Christopher Reeve

UPDATED 03/15/1999 at 01:00 AM EST Originally published 03/15/1999 at 01:00 AM EST

Back in 1977, when he was preparing for the first of his four Superman films, Christopher Reeve pumped iron three hours a day to add 30 pounds to his lanky frame and transform his torso into a ripple of muscle. Today, Reeve, 46, still works out three hours daily, but the goal is far more serious: to keep his muscles from atrophying. Paralyzed from the neck down since a horseback-riding accident in May 1995, Reeve fights a real battle more inspiring than any fictional adventure.

"What makes Superman a hero," Reeve observed two decades ago, "is not that he has power but that he has the wisdom and maturity to use the power wisely." By that definition, Reeve himself has become a hero. Since the fall that left him in a state of total physical dependency, he has not only channeled his creative talent into humanizing the plight of the severely disabled but become, as a Wall Street Journal article put it, "perhaps the most effective medical fundraiser on the planet." Through his lobbying efforts, Reeve helped add $2 billion to the National Institutes of Health's $15 billion budget, raised millions for research into spinal-cord injury and helped persuade New York legislators to pass a bill that channels a portion of speeding fines toward medical research. "And then, I'm still working on trying to raise insurance caps," he says.

As he knows only too well, "it is extremely expensive to be disabled in this country today." It costs $3,500, for instance, to purchase a backup ventilator, the lifeline that enables Reeve to breathe. "I can afford that," he says. "But the average person can't." "When he is on the road delivering motivational speeches, visiting accident victims or honoring the 30 to 40 speaking commitments he accepts annually on behalf of the disabled, Reeve's retinue includes two nurses and as many as four aides. "Every time we leave the house," says his wife, actress Dana Reeve, 37, "it's a production."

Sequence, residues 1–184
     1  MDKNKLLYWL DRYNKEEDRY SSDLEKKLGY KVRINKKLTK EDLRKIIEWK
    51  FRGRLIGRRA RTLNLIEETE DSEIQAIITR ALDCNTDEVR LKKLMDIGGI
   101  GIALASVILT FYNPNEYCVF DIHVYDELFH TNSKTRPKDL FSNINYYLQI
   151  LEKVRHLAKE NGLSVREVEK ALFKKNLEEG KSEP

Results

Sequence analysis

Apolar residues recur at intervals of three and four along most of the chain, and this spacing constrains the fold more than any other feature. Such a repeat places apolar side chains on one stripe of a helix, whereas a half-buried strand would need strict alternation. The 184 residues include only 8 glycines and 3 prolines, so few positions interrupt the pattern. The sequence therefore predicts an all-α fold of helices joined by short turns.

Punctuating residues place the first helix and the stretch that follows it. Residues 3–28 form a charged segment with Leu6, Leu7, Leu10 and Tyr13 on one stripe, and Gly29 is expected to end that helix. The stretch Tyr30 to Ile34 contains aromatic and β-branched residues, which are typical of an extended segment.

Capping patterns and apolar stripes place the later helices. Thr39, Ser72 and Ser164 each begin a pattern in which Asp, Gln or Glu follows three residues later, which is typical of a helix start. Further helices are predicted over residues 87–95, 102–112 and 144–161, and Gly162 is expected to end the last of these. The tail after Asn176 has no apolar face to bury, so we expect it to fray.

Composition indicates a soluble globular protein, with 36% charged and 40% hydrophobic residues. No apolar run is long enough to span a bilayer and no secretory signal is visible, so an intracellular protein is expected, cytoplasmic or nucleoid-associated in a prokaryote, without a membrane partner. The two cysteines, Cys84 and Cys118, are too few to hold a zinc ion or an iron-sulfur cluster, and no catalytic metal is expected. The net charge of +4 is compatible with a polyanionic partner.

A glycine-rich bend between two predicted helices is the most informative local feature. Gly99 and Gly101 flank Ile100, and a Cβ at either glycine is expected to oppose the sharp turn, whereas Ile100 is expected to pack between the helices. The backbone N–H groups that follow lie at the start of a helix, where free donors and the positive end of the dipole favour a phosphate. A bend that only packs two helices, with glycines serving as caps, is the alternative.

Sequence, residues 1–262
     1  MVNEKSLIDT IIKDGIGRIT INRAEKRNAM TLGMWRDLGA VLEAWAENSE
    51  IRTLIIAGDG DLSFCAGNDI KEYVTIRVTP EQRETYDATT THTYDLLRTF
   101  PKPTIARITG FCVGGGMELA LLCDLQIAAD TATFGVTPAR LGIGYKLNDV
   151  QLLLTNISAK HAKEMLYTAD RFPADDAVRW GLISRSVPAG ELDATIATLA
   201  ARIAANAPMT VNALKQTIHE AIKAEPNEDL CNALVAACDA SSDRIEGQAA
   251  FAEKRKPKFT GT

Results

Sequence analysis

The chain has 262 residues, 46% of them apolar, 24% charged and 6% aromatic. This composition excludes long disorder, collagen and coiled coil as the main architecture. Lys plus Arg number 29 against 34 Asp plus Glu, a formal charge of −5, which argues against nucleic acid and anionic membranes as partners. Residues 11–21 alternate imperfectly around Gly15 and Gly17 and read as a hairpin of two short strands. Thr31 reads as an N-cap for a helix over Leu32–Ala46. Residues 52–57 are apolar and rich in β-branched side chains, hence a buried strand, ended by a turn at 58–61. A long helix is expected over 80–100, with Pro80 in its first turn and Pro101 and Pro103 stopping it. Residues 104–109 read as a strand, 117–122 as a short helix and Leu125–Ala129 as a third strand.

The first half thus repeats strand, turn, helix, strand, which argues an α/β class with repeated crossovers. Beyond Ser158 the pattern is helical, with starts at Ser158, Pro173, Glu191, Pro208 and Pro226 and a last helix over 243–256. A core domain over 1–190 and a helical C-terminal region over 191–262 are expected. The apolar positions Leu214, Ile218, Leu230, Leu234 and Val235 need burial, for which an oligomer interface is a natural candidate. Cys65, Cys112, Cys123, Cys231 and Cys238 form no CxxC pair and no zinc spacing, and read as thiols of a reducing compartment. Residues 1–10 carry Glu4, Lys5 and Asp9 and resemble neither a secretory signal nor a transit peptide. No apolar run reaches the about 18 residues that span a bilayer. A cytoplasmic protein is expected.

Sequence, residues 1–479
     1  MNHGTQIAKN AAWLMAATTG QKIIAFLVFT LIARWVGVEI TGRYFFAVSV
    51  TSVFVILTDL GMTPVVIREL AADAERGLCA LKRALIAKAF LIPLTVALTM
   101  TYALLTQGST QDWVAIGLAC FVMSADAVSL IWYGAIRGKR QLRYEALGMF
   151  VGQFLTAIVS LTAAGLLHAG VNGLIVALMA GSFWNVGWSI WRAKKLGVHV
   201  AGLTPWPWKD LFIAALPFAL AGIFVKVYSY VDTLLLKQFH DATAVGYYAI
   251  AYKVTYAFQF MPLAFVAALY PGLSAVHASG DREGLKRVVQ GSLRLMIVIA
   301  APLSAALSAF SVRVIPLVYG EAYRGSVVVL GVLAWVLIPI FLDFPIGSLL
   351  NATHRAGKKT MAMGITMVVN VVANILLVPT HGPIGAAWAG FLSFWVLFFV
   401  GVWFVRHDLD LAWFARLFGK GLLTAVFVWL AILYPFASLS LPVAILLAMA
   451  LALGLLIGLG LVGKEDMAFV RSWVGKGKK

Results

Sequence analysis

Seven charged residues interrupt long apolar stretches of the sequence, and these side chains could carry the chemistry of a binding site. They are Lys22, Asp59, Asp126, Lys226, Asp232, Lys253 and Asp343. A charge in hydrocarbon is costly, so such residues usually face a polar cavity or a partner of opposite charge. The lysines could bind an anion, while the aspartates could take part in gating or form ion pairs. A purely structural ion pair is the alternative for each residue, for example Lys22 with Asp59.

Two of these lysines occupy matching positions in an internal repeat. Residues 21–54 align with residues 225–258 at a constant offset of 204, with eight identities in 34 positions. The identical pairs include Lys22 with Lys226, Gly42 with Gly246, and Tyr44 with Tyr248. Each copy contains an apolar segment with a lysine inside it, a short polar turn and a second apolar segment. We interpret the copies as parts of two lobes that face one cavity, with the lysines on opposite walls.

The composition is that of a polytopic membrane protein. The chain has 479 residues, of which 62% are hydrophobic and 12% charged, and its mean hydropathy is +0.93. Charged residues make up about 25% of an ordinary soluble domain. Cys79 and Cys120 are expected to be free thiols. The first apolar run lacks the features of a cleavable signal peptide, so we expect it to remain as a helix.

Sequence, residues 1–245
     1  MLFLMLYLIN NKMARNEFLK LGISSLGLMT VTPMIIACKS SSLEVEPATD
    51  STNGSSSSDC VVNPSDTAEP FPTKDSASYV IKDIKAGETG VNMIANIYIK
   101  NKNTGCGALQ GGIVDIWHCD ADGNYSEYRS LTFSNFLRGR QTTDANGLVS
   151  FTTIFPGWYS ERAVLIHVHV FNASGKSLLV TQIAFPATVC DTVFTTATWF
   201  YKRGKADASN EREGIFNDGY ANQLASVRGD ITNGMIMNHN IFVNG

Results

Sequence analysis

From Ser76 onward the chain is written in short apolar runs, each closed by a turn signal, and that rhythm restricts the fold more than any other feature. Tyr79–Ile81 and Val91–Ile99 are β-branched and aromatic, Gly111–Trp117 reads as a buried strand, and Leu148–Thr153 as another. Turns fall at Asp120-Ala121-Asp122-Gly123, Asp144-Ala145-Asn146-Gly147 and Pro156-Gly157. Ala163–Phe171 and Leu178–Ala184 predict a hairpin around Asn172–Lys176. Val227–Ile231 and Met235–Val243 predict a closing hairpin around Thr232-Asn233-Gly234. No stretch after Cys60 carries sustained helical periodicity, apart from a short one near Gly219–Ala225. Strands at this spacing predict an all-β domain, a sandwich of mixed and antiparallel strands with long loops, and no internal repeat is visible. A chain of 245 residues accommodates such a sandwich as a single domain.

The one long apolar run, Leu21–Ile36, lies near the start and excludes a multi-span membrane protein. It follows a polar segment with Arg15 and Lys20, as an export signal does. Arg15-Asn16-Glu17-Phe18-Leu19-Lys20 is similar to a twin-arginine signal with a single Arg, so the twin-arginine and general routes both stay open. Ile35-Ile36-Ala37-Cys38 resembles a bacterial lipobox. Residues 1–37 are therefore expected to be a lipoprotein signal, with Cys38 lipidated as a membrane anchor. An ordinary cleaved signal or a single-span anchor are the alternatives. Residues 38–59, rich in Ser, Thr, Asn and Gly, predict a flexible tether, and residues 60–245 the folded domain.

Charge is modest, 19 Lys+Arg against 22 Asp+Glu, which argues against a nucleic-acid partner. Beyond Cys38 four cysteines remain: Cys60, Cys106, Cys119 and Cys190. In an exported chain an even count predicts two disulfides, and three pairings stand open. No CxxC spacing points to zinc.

When he is acting or directing, Reeve strives not to slow others down. While shooting last year's ABC remake of Rear Window, his first acting gig since the accident, Reeve always arrived at the set early and prepared. "It was interesting to see how quickly a crew can work when a lead actor is just sitting there waiting to do a scene," he says. His wheelchair gained him no edge in creative battles with HBO executives while directing 1997's In the Gloaming, for which he was nominated for an Emmy. "I'm treated just as I always have been," he says. "I wouldn't want to be patronized."

Beyond the love of his wife and three children (two from an earlier relationship), Reeve is sustained by the belief that he will walk again, perhaps by the time he is 50. That would require amazing advances, but some researchers see reasons for hope. "Now, almost all scientists believe that the spinal cord can be regenerated," says Dr. Wise Young, head of Rutgers University's sky's Spinal Cord Injury Project. While Reeve waits, he is making progress (he can breathe for half an hour on his own, feel his hands, shrug his shoulders)—and using every ounce of his influence to hasten that day.

Jill Smolowe
Joseph V. Tirella in Bedford, NY.

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